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Flexible Kinematic Modeling Approaches Informed by Observations From Mechanical Forward Models and Natural Structures


Successful petroleum exploration in structurally complex geologic settings depends upon construction of the best possible interpretations of incomplete subsurface data. Studies that investigate how geologic structures at this scale form, and how best to characterize their geometries, can serve to improve decision-making and confidence in subsurface interpretation, thus reducing exploration trap risk, and has further implications for the resultant distribution of sub-seismic strain associated with these structures.

In spite of the demonstrated value of these approaches to exploration, both kinematic and mechanical modeling approaches have shortcomings that limit the extent to which they may be practically applied in the description of natural structures. Emergent forward mechanical models, though often able to lend insight into the mechanical conditions leading to the formation of a general structural style, commonly are unable to reproduce the exact geometry of a specific natural structure. This is partially the result of the computationally intensive nature of the approach which limits the range of models that can realistically be run. Conversely, while kinematic models have been developed such that the specific geometry of a natural structure may be matched, limitations of existing derived kinematic solutions with simple end-member structural geometries restricts their application in more complex cases.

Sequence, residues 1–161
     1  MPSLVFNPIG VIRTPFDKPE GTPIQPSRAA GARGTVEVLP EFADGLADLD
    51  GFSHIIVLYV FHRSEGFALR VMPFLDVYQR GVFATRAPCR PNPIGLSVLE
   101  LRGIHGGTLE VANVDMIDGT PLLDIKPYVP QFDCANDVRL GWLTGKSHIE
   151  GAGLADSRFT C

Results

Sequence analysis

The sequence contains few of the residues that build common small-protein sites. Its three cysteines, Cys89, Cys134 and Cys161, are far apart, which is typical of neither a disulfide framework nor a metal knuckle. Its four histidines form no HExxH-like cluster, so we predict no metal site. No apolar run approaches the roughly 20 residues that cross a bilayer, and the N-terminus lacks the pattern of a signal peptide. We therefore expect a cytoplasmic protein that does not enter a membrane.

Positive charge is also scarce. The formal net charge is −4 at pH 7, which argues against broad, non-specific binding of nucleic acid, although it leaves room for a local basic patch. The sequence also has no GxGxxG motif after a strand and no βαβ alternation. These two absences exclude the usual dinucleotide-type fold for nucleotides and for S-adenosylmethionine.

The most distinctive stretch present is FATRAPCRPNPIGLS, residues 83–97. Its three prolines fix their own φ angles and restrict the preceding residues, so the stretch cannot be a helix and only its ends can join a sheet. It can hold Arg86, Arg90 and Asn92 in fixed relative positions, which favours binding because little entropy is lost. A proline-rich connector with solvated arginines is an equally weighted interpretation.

In this study, we demonstrate how observations from natural structures and general mechanical models developed using the discrete element method may be used to inform specific modifications to kinematic assumptions—for instance, the activity of simultaneous slip on multiple faults, and the deviation of axial surfaces from orientations that preserve layer thickness during contraction. We show how modifications such as these can be incorporated into a velocity field-based numerical representation of the kinematics of fault-related folding. Through this integrated approach, we are able to rapidly match the geometry of more complex natural structures through kinematic models that encompass a broader range of structures yet which are informed by mechanical plausibility. This improves the explorationist’s ability to create robust structural interpretations in a larger variety of geologic circumstances. The ability to rapidly generate diverse forward kinematic models provides a framework for the future ability to invert for complex structures.